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EU Leaders Pledge $175 Million in Aid for Yugoslavia

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TIMES STAFF WRITER

For Europeans, Yugoslavia has been the land of shattered ambitions and unpleasant surprises. On Saturday, leaders of the European Union attempted a fresh start by welcoming new President Vojislav Kostunica into the fold and promising a multimillion-dollar package of emergency aid.

In his first trip abroad as Yugoslavia’s leader, Kostunica accepted an invitation to attend an informal gathering of 15 European Union heads of government in this French Atlantic resort. He flew in for only a working lunch at the casino here, but the symbolism was immense.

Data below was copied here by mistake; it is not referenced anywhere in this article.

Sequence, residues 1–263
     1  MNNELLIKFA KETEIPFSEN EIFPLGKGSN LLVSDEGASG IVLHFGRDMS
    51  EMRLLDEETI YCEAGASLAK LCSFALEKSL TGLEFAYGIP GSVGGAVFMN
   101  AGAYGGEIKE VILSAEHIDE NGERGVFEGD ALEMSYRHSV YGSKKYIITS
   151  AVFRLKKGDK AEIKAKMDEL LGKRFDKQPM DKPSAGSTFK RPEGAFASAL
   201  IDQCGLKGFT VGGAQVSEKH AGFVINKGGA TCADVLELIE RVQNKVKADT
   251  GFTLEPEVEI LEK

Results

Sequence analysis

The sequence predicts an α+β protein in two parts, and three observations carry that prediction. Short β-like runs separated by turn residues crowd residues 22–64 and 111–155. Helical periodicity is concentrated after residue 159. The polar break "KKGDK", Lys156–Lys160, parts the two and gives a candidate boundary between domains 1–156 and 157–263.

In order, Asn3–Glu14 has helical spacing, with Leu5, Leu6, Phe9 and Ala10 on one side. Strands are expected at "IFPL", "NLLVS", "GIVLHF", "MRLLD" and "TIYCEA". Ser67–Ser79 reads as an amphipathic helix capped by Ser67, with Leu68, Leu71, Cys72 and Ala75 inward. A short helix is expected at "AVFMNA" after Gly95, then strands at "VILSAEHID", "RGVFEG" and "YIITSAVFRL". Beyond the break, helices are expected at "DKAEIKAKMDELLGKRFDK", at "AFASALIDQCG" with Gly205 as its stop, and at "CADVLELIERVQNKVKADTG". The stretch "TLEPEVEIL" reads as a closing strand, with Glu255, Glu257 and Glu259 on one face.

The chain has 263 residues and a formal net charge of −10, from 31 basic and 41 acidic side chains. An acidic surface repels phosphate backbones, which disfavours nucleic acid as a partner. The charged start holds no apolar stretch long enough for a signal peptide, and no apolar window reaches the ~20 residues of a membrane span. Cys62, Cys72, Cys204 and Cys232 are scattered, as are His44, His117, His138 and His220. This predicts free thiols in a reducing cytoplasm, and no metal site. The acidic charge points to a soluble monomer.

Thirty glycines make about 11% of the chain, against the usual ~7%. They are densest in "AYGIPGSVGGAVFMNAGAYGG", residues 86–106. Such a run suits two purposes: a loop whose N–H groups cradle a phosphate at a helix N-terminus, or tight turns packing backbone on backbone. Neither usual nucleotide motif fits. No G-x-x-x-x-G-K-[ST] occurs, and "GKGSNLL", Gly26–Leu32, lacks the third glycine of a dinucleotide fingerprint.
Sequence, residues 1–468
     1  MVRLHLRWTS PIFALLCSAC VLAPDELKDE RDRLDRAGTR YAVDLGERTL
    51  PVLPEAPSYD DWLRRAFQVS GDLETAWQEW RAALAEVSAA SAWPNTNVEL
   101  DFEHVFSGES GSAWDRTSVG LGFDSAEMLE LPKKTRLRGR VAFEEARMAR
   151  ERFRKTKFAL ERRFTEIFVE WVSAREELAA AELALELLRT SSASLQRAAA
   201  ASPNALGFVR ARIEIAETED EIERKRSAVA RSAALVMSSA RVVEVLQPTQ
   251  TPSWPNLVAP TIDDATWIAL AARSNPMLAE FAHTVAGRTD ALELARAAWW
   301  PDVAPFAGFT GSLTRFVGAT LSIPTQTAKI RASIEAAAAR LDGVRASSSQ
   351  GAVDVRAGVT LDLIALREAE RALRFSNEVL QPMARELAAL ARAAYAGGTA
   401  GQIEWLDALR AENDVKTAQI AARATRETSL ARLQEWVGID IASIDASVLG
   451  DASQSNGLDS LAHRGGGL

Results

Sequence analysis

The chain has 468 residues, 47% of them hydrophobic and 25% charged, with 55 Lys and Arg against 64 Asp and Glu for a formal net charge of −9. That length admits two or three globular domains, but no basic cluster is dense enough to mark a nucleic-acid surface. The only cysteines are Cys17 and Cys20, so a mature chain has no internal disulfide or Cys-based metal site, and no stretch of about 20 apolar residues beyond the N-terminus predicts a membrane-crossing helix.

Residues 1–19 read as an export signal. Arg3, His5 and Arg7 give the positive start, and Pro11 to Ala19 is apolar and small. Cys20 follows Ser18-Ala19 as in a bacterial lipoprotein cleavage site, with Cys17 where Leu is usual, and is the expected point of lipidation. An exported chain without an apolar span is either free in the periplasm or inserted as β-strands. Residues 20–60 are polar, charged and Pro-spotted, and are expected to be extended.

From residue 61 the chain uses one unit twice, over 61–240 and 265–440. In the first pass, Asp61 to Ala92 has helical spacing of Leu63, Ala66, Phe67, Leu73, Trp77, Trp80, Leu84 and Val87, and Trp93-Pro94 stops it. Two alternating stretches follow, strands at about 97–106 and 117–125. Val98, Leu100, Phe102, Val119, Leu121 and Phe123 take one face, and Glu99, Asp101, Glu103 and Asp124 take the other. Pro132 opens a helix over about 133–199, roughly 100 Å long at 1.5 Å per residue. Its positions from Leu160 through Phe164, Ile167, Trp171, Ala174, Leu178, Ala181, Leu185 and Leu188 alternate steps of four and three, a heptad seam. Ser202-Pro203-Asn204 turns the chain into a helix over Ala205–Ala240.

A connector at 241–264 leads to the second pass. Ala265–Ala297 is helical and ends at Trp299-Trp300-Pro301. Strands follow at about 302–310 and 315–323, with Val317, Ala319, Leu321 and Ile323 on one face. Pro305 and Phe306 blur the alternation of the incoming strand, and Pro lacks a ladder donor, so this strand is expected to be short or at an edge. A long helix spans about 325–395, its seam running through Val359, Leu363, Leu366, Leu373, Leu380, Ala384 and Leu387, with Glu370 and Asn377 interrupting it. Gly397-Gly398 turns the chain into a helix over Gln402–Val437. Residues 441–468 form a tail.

The EU leaders assembled in Biarritz sought to show that Yugoslavia without longtime nemesis Slobodan Milosevic in charge is rapidly being accepted by its continental neighbors and can count on their help.

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“It’s a very emotional moment to be here,” Kostunica told a news conference afterward. “This is confirmation of the fact that the Federal Republic of Yugoslavia, Serbia and Montenegro are--well, always have been--in Europe.”

“The Serbian people have stood in favor of the values we have in common, as if they were looking forward to the return of the Federal Republic of Yugoslavia into the European family,” said French Prime Minister Lionel Jospin, one of Kostunica’s official hosts.

At lunch, EU officials said, European Commission President Romano Prodi promised Kostunica $175 million in emergency aid for food, medicine and fuel for the coming winter. The expenditure is expected to be approved formally Wednesday by the European Parliament and the EU’s executive institutions.